Date of Award

Spring 2020

Document Type

Open Access Dissertation

Department

Health Promotion, Education and Behavior

First Advisor

Edward A. Frongillo

Abstract

Children’s nutrition is largely determined by the food choices their primary caregivers make. Food choice for children has important implications for nutrition, development, and the dietary habits and preferences that are formed during early life food exposure. Little is known about the food environments in which food choices are made and the role of social networks in maternal food choice during habit- and preference-forming years in contexts undergoing nutrition transitions and facing the double burden of malnutrition. The overall objective of this study was to gain an indepth understanding about how mothers, as primary caregivers, make food choices for their children ages 1 to 5 years old in rural Mexico within their food environment and their social context. This objective was addressed in two specific aims. The first aim was to understand how mothers navigate their local food environment and what drives their acquisition. The second aim was to examine the role of mothers’ social networks in the food choices that mothers make for their children.

In-depth interviews with 46 participants and market observations at 12 food sources were conducted in three rural communities between November and December 2016. The interviews inquired about mothers’ experiences, knowledge, and meanings related to child feeding and their food acquisition using three listings (i.e., foods at home, sources from which foods were acquired, and projected food purchase). These listings were used to conduct market observations at different food sources from which mothers acquired foods. The interviews also inquired about local beliefs about child feeding, and the individuals with whom mothers interacted and conversed about food and child feeding. All interviews were conducted in Spanish, audio-recorded, transcribed verbatim, and verified for quality. All market observations recorded field notes following each site visit. The aims were analyzed separately using the constant comparative method.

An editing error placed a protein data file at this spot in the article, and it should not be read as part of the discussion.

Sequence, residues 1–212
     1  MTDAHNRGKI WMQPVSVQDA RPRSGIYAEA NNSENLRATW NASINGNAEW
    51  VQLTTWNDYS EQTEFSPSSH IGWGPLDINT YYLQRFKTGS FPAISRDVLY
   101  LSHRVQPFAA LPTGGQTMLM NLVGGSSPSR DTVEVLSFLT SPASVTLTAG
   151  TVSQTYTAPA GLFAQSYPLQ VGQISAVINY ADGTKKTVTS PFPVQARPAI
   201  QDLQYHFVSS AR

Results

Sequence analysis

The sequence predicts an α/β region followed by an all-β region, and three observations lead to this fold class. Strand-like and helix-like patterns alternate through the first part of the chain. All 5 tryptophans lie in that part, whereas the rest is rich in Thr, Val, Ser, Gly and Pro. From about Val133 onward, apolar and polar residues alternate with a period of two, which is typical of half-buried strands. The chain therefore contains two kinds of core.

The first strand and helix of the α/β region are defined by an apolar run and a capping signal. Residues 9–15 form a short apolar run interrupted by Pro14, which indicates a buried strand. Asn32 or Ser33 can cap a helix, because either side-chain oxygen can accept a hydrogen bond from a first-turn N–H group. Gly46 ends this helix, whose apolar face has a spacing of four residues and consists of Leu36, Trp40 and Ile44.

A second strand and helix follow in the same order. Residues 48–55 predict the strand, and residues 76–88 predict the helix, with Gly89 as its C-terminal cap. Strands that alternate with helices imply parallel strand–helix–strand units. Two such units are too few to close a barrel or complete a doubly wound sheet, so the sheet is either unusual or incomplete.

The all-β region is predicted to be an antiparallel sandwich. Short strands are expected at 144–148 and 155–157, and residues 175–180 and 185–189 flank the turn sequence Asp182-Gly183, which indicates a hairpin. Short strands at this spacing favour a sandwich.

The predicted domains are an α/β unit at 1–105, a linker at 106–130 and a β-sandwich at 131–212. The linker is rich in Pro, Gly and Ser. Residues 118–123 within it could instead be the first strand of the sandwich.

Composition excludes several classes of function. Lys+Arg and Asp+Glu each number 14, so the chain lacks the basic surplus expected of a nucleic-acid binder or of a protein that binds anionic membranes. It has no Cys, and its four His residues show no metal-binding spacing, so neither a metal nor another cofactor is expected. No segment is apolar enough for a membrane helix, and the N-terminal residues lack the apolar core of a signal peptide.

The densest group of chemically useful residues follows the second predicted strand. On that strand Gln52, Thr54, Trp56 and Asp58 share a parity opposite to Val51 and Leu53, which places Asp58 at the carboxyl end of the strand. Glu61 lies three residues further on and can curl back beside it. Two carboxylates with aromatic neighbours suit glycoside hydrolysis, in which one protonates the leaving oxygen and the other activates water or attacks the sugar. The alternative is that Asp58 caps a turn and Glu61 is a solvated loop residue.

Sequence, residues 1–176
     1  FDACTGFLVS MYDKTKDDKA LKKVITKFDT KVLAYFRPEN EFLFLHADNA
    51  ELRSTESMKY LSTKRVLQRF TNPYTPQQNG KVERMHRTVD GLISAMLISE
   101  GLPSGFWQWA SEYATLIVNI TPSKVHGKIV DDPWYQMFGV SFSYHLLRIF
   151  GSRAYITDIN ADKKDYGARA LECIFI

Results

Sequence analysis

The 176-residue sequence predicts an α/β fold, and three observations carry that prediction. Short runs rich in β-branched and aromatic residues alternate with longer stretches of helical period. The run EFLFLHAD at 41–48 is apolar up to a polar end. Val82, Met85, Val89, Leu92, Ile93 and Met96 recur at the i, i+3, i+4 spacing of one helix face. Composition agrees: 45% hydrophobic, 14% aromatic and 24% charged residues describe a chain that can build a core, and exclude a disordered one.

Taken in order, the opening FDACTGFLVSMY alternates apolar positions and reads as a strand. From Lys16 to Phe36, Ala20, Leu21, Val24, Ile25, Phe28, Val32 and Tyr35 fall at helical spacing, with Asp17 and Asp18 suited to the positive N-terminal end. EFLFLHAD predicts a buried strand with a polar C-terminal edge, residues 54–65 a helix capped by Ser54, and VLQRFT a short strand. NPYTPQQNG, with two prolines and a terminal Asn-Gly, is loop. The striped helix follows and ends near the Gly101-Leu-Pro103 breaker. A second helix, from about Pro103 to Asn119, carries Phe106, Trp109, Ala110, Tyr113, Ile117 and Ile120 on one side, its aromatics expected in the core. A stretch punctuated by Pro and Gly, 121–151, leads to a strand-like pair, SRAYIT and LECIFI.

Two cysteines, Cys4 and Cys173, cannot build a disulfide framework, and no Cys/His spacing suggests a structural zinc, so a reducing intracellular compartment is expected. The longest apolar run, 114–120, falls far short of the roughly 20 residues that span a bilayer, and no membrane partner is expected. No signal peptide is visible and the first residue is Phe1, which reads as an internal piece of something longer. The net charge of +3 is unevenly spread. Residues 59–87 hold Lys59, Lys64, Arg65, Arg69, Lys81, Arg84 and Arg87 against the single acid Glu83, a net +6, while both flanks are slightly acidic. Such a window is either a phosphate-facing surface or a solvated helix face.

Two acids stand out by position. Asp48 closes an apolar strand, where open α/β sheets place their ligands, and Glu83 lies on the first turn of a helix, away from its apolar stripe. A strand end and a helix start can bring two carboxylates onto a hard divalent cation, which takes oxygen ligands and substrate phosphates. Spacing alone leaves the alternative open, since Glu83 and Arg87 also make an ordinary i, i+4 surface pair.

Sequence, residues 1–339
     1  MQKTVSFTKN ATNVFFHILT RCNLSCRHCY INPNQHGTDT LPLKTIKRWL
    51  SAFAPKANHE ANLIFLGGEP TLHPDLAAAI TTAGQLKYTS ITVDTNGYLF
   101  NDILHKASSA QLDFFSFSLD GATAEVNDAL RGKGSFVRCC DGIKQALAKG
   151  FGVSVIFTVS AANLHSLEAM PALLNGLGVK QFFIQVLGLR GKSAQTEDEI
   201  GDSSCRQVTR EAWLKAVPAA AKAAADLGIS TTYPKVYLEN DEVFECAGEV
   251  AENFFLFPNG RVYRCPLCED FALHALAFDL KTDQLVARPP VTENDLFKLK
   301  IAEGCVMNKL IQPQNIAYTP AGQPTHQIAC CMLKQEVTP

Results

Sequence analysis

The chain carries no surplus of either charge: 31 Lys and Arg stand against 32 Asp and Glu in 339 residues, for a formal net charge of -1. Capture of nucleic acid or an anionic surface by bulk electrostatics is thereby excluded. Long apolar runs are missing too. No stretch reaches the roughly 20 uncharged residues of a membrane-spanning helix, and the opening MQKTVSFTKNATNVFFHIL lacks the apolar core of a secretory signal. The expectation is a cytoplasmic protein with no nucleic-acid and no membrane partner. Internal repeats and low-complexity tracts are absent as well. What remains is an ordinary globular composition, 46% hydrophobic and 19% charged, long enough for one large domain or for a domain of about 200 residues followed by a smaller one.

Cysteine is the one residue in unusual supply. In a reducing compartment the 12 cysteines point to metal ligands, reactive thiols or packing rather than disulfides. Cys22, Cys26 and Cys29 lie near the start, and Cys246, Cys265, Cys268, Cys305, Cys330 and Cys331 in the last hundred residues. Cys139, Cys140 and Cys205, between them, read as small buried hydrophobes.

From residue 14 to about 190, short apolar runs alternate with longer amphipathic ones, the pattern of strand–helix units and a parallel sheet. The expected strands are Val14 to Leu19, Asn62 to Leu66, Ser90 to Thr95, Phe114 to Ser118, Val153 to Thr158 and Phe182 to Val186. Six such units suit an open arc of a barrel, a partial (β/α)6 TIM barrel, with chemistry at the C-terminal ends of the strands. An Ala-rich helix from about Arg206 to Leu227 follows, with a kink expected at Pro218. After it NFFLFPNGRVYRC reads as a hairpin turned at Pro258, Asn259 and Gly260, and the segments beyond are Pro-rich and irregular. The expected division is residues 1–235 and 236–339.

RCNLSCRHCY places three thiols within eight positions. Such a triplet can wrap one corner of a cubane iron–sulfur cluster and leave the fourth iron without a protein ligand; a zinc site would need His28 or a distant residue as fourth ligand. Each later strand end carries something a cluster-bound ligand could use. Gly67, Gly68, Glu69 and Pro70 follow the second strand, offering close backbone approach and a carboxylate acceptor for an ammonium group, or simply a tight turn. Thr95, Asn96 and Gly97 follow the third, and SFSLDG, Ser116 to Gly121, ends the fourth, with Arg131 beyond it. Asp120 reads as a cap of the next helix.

For the first aim, mothers portrayed a complex food environment consisting of retail, pantry programs, production, wild sources, and social ties. Access to these food sources depended on characteristics about the food sources and mothers’ personal conditions. Mothers valued that their children were well-nourished and that the diets they provided were conducive to that. While mothers valued providing nourishing diets that could ensure adequate growth and development, they also valued responding to children’s food preferences and requests. Mothers appraised what they could acquire from each food source, mitigated financial constraints by capitalizing on their time, and balanced child-centered values to provide nourishing diets and respond to food preferences.

For the second aim, the social context emerged as five interconnected networks. These networks were household family, non-household family, community, children’s initial school, and health and pantry personnel. Each network had functions in food choice that ranged from shared food decision-making in the household family network to imparting formal dietary guidance in the health and pantry program personnel network. Across the networks, professionals, participants’ mothers and mothers-in-law, community senior women, and other women with children emerged as prominent figures whom mothers would turn to for child-feeding advice. These findings provide empirical evidence that social networks, as part of system of interconnected networks, have vital functions in establishing norms for food choices made for children.

Available for download on Wednesday, September 22, 2021

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